Why Did the State Order that Veronica be Adopted?
By Elizabeth Sharon Morris
As the drama concerning Veronica Rose Capobianco plays out for the media in Oklahoma, some ask how and why a State could order a child adopted when the birth father has stepped forward and wants to raise his child.
The Baby Veronica case in Oklahoma is very complicated. Baby Veronica spent the first twenty-seven months of her life with Matt and Melanie Capobianco. At the request of Veronica’s birth mother, Matt and Melanie were in the birthing room and Matt cut the cord. They had an open and proper adoption agreement and good relationship with the mother, and no court or attorney has every accused them of being unfit or having committed any crime.
This isn’t a case where adoptive parents have appeared out of nowhere. Their home was the only home Veronica knew – and they were her only parents.
Further, the sole reason that South Carolina family court gave custody to the father at the end of December, 2011, allowing Mr. Brown to take this child without any transition period at all, was because the judge thought that the Indian Child Welfare Act required it. It was not due to the “best interest of the child” because the Cherokee Nation, fearing that “best interest” would mean leaving her with the only parents she knew at the time, argued that ICWA didn’t allow for a ‘Best Interest’ hearing. The tribal attorneys wanted the decision to be made on the basis of ICWA alone.
The high courts, however, looked at all the evidence presented and not only ruled that ICWA did not apply to this case, but that the father – despite claims to the contrary – had abandoned his child. States have laws concerning paternal abandonment so that mothers and children are able to move forward with their lives. Adoptive parents must also be able to come forward without fear that a father could show up any time and disrupt things. If there were no abandonment laws, adoptive parents would be risking everything – not just money, but their hearts and the hearts of extended family.
This particular birth father had texted the mother prior to birth and stated he was giving up his rights. After Veronica was born, he made no attempt to support or even inquire about the baby. In fact, contrary to what has been claimed, he was not surprised by the papers served to him in January 2010. Reports are that he had ducked service of the adoption papers, possibly thinking they were for child support, all autumn.
The judges looked at the facts presented by all the parties and concluded that he had abandoned his child. They also agreed – and the father’s attorneys admitted – that the birth mother has done nothing wrong. Her legal team had taken all the steps required by law.
Mind you – up until the papers were served on Mr. Brown that January day, he had not shown any concern for this baby, although he thought Veronica was with her mother and he knew where the mother lived, what her phone number was, and where she worked. Four months passed. How many more months would have passed if the papers he hadn’t been served that day? Further, when Mr. Brown came back from deployment for a few weeks in August 2010, he made no attempt to contact or visit his child. Nor did he make any attempt after he returned again in December 2010.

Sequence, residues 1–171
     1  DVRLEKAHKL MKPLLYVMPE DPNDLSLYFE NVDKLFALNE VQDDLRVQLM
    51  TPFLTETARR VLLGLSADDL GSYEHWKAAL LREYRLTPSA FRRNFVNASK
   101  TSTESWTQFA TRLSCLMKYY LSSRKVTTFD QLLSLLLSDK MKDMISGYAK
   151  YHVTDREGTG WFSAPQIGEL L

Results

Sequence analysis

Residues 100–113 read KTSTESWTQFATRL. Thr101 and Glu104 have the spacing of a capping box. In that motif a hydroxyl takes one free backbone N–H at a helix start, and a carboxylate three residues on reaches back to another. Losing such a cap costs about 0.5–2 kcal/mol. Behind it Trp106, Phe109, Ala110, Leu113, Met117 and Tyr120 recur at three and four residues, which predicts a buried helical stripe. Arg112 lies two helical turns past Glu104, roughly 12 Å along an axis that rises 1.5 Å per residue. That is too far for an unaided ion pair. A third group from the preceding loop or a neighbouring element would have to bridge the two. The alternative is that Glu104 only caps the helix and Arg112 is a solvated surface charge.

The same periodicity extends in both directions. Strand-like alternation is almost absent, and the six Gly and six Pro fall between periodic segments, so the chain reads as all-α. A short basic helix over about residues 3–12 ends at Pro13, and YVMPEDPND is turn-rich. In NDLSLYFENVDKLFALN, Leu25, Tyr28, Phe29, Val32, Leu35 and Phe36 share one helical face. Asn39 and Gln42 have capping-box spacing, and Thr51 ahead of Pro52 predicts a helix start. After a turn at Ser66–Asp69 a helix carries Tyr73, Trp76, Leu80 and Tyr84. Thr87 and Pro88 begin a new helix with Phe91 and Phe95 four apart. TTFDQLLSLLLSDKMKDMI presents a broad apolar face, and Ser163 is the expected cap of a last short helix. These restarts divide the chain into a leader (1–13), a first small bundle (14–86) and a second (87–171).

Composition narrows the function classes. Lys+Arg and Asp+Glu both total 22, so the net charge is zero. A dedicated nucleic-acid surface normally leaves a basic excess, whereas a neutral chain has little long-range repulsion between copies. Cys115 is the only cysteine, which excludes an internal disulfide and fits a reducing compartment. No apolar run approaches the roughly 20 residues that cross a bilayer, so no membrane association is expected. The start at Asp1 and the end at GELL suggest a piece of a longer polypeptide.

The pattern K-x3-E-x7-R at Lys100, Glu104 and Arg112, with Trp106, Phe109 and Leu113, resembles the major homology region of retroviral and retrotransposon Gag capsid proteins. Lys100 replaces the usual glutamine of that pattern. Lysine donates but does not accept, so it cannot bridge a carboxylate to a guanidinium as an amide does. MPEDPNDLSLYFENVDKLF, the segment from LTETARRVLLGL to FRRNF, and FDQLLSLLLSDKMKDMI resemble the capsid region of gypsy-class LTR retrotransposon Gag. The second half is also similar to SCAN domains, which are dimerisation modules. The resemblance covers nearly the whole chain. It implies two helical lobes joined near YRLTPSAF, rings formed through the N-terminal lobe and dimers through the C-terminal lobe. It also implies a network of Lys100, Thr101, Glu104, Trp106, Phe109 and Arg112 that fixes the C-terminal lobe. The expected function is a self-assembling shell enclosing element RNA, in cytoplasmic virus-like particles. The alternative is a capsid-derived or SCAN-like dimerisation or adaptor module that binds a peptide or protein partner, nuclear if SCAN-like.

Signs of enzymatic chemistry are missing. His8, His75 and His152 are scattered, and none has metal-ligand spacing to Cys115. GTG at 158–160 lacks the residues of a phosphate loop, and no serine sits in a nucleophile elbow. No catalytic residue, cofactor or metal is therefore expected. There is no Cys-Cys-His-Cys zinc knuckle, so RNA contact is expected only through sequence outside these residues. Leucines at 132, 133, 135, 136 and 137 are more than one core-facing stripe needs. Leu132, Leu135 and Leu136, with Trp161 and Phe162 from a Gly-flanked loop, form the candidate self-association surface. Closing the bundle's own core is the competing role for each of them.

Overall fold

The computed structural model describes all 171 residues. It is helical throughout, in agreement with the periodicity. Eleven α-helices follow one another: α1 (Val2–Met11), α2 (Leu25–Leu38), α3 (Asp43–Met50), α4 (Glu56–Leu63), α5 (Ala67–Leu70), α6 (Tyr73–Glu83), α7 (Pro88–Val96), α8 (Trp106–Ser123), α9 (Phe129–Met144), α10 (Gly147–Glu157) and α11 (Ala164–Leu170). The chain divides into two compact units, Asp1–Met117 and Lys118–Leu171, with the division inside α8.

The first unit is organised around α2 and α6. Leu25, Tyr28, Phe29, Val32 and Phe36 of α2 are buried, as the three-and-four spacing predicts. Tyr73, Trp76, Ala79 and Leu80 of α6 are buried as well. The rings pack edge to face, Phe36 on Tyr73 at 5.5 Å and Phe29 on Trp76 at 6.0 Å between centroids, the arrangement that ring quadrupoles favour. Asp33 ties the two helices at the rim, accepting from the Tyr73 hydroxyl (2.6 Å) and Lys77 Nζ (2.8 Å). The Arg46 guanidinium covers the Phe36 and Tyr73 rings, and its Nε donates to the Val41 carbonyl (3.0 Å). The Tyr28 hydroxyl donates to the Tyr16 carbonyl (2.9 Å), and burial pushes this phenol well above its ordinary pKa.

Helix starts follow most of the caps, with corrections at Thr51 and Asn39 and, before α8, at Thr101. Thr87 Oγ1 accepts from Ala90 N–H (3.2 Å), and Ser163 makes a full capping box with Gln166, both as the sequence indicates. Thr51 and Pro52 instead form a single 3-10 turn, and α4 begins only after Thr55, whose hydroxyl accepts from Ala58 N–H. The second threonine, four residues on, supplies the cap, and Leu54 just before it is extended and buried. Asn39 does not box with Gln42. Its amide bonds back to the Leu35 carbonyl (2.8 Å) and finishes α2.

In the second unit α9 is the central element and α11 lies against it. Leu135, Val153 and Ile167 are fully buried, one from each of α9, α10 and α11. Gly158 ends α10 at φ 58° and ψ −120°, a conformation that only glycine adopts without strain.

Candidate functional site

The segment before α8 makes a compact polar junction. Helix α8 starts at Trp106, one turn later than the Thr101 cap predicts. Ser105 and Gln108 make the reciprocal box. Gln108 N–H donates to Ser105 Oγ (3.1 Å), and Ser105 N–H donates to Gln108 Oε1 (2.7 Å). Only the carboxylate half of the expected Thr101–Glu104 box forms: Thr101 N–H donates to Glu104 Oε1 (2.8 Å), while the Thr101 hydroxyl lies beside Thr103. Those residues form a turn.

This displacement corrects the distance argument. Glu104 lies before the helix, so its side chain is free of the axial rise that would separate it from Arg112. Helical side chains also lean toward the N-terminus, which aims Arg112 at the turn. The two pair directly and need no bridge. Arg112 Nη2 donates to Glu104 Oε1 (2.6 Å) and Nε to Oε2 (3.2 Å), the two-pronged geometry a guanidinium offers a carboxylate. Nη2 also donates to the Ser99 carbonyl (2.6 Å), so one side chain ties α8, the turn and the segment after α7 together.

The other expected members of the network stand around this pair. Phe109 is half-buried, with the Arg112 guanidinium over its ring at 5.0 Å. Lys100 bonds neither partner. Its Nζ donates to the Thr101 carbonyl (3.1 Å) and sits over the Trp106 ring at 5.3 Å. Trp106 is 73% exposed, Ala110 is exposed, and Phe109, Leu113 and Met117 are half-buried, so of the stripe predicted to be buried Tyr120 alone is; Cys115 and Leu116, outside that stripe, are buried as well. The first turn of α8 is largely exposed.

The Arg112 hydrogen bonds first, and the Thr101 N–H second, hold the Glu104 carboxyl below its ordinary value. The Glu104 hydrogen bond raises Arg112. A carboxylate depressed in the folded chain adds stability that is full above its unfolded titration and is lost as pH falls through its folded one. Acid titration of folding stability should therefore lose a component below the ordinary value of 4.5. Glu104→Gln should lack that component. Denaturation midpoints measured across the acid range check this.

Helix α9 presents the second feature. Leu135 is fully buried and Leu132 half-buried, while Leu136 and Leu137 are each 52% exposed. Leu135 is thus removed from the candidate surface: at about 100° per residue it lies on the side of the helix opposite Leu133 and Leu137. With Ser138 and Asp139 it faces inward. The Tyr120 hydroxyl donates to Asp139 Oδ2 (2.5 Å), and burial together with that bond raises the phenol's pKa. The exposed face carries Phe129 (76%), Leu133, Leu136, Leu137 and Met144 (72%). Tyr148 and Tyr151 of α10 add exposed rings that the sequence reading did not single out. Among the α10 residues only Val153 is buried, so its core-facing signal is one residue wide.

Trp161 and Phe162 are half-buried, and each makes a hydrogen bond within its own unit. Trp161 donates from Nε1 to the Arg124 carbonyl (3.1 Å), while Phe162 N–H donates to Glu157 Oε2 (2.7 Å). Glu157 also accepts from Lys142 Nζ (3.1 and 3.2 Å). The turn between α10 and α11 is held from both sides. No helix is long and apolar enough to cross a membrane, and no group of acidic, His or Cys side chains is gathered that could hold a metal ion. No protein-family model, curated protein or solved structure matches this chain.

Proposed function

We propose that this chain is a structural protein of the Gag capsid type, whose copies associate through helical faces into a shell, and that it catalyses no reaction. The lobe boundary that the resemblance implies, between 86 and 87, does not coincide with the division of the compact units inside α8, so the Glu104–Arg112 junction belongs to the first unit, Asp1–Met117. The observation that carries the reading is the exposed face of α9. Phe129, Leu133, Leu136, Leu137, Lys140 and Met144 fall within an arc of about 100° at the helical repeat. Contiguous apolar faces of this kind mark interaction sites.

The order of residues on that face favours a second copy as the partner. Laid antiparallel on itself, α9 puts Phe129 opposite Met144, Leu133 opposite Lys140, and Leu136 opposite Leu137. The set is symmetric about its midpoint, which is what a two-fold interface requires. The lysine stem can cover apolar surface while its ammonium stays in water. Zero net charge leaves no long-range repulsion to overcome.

While it is very sad and one can feel pain for the Brown family, it has to be understood that Mr. Brown made very poor decisions in relation to his daughter four years ago. As a result of those poor decisions, another family became involved and raised this child as their own for 27 months. There are consequences to poor decisions. Changing one’s mind doesn’t erase those consequences, especially when it involves the hearts and lives of others.
Where it comes to the most important heart of all – Veronica’s – there is no doubt that she was well-bonded to the Capobiancos and there is reason to believe she could still remember them. Mr. Brown’s continual refusal to allow the Capobiancos to even see her raised the question of what he was afraid of.
But every day this drama drags out brings new revelation as to the character of Mr. and Mrs. Brown. Dodging the law and instructing your child to “Kick, scream, hit, punch, and spit” when people “come to get her” not only calls into question one’s parenting skills, but calls into question one’s true concern for her.
When the Capobiancos were faced with having to turn their daughter over to the Brown’s, despite the fact they still had appeals available, they did as ordered. Their hearts were broken, but Melanie did her best not to show it to Veronica because she wanted the transition to be as easy on Veronica as possible. She told Veronica that she will be going with some nice people to a new home, and that they would see her soon. Of course, Veronica still cried and held her arms out as Matt and Melanie were leaving. It isn’t possible to totally remove the trauma. All you can do is try to reduce it as much as possible.
Many empathize with a father having to give up his daughter and believe Mr. Brown has a right to ignore attempts at mediation and visitation meant to ease the transition. In fact, they believe he would be right to fight back and create as much drama as possible should it come down to a forced removal.
Veronica was no less Matt and Melanie’s daughter. Now imagine trying to give up your daughter as Melanie did. Though overcome with grief, not wanting your child to be afraid, you smile through the tears and tell your baby girl it’s all going to be okay.
One has to ask, in terms of Solomon, who it is that is tearing this child apart.
Elizabeth Sharon Morris is Chairwoman of the Christian Alliance for Indian Child Welfare, columnist for Women’s Voices Magazine, and author of ‘Dying in Indian Country.’ http://dyinginindiancountry.com a dramatic true story of transformation and hope.